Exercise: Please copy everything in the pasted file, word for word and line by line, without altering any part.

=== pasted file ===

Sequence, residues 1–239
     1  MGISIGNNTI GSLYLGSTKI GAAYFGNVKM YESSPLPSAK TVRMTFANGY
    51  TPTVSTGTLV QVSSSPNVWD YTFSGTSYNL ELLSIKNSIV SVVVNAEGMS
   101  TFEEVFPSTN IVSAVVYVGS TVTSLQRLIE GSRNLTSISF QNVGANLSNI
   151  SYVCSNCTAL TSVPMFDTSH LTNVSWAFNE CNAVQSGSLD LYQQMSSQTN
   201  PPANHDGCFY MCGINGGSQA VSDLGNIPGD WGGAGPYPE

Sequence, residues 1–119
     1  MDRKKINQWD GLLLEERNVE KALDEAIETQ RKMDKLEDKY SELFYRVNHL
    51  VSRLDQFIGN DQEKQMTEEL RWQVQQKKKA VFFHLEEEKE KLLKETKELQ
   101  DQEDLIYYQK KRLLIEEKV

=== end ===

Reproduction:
Sequence, residues 1–239
     1  MGISIGNNTI GSLYLGSTKI GAAYFGNVKM YESSPLPSAK TVRMTFANGY
    51  TPTVSTGTLV QVSSSPNVWD YTFSGTSYNL ELLSIKNSIV SVVVNAEGMS
   101  TFEEVFPSTN IVSAVVYVGS TVTSLQRLIE GSRNLTSISF QNVGANLSNI
   151  SYVCSNCTAL TSVPMFDTSH LTNVSWAFNE CNAVQSGSLD LYQQMSSQTN
   201  PPANHDGCFY MCGINGGSQA VSDLGNIPGD WGGAGPYPE

Sequence, residues 1–119
     1  MDRKKINQWD GLLLEERNVE KALDEAIETQ RKMDKLEDKY SELFYRVNHL
    51  VSRLDQFIGN DQEKQMTEEL RWQVQQKKKA VFFHLEEEKE KLLKETKELQ
   101  DQEDLIYYQK KRLLIEEKV